AMERICAN POLITICS & PUBLIC POLICY WORKSHOP
Abstract: Scholars have long debated the role of ideas in political outcomes. Their causal significance is more often asserted than demonstrated. This project sets forth attributes that, in combination, should help in demonstrating the efficacy of ideas. It then offers a comparison to show when an ideational account is required to explain a political outcome versus when a non-ideational explanation is sufficient. Specifically, I contrast Congress’s creation of the institutional presidency in five policy areas (budgeting, trade, reorganization, employment, and national security) over two periods of time (1921-1947 and 1973-1998). Considering both the choice of institutional arrangements and the durability of those reforms, I show that acceptance of the idea of presidential representation - an assumption that presidents possess and act based on a unique perspective due to their national constituency - was an essential precondition for reforms in budgeting, trade, reorganization, and employment, while national security reform did not rely on this idea.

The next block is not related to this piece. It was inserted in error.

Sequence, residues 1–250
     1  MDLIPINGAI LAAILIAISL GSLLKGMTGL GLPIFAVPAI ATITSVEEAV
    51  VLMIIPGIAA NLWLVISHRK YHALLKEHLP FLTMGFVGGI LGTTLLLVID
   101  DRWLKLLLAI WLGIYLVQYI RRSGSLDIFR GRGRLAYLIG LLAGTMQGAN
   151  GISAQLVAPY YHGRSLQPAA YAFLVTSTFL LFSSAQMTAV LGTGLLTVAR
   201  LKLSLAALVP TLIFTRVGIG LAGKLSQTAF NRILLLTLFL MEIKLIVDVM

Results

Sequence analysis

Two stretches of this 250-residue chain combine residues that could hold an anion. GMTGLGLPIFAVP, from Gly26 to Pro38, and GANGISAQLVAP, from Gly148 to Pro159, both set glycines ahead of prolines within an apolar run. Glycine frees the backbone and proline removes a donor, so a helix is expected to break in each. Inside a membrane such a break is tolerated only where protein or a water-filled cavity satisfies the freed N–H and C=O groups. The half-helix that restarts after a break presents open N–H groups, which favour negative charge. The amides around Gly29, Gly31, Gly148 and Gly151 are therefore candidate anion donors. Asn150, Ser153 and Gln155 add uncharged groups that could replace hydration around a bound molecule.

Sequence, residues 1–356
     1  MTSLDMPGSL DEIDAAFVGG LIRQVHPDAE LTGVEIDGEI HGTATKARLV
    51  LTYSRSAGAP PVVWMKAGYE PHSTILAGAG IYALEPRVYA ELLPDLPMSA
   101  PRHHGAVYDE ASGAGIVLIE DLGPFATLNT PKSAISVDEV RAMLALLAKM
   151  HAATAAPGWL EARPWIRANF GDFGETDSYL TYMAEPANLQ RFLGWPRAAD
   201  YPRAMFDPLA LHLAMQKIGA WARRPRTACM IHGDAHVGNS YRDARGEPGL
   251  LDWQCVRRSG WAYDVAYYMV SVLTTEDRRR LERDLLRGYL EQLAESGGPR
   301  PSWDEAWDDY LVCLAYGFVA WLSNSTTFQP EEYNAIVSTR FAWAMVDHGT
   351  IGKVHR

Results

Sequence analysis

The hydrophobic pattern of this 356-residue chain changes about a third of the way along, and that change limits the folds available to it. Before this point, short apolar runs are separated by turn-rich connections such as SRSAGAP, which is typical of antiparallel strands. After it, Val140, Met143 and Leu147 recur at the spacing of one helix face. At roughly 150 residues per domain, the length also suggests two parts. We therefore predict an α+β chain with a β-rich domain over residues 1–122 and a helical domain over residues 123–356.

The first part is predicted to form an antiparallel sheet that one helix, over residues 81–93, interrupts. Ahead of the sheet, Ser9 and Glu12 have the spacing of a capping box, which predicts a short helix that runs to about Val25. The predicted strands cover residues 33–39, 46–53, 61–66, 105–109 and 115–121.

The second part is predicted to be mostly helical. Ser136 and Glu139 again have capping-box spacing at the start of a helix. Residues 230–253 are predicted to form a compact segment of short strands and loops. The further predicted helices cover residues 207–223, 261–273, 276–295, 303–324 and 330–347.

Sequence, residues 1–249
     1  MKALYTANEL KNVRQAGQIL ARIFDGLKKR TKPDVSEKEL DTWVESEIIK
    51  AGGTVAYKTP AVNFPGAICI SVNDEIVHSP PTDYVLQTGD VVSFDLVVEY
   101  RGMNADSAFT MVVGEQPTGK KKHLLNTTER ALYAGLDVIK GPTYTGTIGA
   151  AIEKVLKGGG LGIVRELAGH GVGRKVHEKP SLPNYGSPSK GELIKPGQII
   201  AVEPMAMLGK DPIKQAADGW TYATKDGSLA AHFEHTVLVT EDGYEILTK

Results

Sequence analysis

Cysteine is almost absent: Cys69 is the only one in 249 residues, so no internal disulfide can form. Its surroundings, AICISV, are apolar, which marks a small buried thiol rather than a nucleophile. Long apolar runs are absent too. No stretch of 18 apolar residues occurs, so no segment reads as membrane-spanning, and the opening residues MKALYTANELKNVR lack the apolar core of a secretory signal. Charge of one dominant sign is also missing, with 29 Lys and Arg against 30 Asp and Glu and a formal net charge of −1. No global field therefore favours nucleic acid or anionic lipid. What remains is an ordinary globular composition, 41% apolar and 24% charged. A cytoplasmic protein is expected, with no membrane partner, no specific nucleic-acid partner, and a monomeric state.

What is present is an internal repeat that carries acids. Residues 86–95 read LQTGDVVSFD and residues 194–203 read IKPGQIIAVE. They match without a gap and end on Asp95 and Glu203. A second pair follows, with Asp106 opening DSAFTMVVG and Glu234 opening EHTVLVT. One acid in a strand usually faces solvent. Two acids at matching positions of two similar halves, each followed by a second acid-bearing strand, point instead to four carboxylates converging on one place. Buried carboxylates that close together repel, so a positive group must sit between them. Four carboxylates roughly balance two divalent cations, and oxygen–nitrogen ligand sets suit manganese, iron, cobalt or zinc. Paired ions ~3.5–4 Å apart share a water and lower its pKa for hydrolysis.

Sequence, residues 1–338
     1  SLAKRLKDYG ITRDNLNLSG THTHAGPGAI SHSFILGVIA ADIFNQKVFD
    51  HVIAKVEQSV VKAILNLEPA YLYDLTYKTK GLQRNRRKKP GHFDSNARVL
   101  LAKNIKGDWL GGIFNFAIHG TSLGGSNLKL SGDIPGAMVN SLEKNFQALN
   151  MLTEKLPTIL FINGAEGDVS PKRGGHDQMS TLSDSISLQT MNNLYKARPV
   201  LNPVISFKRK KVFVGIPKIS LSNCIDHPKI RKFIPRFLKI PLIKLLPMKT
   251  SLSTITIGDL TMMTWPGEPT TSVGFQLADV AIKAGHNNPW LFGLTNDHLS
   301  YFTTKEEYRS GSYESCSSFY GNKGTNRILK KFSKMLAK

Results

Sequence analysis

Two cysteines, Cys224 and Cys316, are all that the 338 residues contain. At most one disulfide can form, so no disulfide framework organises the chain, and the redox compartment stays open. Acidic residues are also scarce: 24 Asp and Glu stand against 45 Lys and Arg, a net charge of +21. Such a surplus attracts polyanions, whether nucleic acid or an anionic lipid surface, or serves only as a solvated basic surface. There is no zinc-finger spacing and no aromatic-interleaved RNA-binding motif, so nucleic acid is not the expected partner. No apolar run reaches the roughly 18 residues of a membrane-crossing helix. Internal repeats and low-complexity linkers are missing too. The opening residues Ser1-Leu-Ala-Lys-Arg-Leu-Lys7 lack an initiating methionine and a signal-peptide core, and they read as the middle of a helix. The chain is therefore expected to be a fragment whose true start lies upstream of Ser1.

John Dearborn is a Ph.D. Candidate in Political Science, studying the Presidency, Congress, and American Political Development. His dissertation examines the influence of the idea of presidential representation on the political development of the institutional presidency and its implications for American constitutional government. Work from this project is forthcoming in the Journal of Policy History and Presidential Studies Quarterly. He graduated from the University of Connecticut with a B.A. in political science in 2013.